The coronavirus is interrupting life as we know it, including construction projects.  Throughout the country, contractors are issuing notices of schedule delays and how you respond to such a notice will be crucial to protecting your rights under your contract.  Here are some topics to consider when reviewing a notice of delay.

Review the Entire Notice

This may seem obvious, but dig into the notice to fully understand the basis for the delay and potential impact.  Is the notice of delay simply informing you that the project will be pushed back for a few weeks or is it telling you that you will need to accelerate the work in a few weeks?

Does the Notice Comply with the Contract?

Just because you received a notice does not mean that its effective notice.  It is worth your time to review the underlying contract and assess whether the notice meets the requirements of the contract.  For example, does the contract require that notice be provided within a certain number of days of learning of the delay? And, if you can determine that the notice is not timely, what does that mean for the project?

Respond to the Notice of Delay, in Writing

Regardless of whether you are the upstream or downstream contractor, you should respond to the delay, in writing.  You will need to assess whether to contest the notice, and if you do not contest a deficient notice, how will that impact your ability to challenge the notice at a later date? If you are the upstream contractor, and you decide the notice is sufficient, you should indicate what relief you will provide.  You may also want to include a reservation of rights and the impact the notice will have on liquidated damages.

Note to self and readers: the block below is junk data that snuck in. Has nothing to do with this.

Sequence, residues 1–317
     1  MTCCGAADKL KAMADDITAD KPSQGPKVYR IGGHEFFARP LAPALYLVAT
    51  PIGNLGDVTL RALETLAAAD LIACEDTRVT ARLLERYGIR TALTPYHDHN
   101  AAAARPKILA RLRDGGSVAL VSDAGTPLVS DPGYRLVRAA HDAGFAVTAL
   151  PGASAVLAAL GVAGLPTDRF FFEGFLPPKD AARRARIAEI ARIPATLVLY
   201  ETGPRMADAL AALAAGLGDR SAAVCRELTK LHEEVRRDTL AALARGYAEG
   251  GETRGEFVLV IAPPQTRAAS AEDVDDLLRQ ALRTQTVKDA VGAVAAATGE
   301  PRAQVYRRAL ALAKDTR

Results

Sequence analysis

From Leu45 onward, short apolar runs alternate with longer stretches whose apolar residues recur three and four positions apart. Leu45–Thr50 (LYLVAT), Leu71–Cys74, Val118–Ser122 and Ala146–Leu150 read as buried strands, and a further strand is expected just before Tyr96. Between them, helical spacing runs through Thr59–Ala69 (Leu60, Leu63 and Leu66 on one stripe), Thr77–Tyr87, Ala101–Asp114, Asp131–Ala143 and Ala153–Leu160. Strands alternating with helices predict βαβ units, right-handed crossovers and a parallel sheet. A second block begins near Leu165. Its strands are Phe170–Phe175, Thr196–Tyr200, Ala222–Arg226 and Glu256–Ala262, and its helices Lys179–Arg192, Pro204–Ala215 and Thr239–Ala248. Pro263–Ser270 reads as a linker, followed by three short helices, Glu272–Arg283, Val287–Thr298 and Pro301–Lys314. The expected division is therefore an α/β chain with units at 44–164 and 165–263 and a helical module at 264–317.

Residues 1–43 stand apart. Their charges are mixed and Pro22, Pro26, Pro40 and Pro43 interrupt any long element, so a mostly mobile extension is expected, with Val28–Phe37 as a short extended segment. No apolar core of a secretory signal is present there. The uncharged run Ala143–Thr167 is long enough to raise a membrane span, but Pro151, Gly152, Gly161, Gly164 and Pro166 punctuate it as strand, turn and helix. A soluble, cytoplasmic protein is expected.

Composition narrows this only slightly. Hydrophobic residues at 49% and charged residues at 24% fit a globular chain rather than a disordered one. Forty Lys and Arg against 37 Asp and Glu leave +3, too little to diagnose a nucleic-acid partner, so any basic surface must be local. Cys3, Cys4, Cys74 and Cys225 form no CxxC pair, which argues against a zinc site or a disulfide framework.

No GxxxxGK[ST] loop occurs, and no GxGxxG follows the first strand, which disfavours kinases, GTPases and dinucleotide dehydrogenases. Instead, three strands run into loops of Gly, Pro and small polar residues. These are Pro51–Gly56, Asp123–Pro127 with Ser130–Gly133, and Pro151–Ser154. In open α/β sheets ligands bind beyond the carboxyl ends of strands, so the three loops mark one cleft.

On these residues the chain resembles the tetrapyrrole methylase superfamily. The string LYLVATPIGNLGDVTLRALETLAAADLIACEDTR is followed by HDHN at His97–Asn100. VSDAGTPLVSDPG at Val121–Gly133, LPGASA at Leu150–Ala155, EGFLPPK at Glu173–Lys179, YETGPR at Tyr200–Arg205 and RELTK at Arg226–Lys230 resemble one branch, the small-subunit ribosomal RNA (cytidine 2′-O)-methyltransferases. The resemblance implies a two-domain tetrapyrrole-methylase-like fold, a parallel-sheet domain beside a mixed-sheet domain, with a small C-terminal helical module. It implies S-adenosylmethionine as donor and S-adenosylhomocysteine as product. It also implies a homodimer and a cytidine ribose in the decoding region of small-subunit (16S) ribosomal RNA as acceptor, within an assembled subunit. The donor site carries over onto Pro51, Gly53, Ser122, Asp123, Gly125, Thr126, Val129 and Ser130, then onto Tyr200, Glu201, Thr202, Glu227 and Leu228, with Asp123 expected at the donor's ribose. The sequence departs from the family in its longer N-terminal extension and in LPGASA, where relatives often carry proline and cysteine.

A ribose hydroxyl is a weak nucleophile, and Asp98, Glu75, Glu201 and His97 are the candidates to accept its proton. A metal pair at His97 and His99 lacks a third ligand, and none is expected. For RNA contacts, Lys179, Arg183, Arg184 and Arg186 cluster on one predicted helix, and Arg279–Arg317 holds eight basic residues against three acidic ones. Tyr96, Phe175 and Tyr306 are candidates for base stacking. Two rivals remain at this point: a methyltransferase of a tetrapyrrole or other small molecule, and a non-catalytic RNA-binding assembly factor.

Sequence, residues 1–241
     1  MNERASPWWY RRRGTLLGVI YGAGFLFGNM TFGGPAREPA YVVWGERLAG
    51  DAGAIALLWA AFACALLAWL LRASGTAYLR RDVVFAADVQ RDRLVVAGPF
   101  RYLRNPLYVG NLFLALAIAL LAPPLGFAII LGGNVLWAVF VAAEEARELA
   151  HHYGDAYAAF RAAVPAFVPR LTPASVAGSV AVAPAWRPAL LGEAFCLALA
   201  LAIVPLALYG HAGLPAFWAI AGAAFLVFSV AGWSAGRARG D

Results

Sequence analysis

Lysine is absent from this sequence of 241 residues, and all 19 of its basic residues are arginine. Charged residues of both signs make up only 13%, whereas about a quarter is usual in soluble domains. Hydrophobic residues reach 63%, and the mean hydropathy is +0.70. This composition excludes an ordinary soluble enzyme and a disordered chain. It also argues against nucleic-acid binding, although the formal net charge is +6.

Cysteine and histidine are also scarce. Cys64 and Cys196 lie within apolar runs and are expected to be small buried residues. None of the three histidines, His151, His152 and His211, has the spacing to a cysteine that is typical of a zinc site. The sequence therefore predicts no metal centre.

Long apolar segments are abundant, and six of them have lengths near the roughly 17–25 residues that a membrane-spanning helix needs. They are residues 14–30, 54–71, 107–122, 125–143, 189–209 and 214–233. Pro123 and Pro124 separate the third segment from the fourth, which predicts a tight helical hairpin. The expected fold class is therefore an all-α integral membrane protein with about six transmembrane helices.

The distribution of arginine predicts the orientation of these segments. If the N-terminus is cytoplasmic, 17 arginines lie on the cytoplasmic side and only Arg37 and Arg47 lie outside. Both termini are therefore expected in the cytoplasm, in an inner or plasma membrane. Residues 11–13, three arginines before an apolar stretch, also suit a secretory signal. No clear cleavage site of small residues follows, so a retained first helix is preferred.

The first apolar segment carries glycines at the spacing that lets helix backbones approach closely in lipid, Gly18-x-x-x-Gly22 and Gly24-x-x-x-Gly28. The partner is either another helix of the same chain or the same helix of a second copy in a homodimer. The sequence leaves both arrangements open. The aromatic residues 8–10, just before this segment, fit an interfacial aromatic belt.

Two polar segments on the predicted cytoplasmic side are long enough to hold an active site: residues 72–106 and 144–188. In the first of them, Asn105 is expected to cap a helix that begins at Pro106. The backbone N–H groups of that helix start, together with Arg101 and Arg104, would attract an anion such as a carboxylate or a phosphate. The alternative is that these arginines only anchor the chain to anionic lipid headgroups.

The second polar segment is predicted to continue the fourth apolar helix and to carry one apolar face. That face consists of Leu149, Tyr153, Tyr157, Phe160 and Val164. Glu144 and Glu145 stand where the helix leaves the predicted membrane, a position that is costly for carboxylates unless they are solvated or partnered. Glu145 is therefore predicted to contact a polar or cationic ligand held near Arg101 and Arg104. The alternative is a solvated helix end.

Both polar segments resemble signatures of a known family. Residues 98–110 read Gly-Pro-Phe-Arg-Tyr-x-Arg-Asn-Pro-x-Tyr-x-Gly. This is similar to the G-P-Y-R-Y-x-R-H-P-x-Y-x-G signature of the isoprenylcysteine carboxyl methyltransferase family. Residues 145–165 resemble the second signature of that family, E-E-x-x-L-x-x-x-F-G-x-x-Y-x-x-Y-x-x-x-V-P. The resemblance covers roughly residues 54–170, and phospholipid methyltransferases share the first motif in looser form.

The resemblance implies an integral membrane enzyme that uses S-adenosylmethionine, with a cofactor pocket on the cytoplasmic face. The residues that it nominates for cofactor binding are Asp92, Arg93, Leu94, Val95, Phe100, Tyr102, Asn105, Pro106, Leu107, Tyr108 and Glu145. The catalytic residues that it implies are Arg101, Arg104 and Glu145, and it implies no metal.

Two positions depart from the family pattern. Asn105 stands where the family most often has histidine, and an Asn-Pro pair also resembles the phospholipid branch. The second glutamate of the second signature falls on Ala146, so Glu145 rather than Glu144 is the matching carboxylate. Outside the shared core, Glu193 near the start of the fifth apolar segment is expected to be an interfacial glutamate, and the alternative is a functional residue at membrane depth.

Consider All of your Options

When responding to a Notice of Delay, dig into your contract to make sure you are considering all options.  Can you require a downstream contractor to accelerate its work? Does your contract allow you to hire supplemental contractors to maintain the schedule?  Does the Notice of Delay trigger notice obligations to upstream contractors or the owner?

When you receive a Notice of Delay, be prepared to assess all of your options under all contracts.  Of course, consultation with experienced construction counsel can always help you navigate these notice and other contractual issues.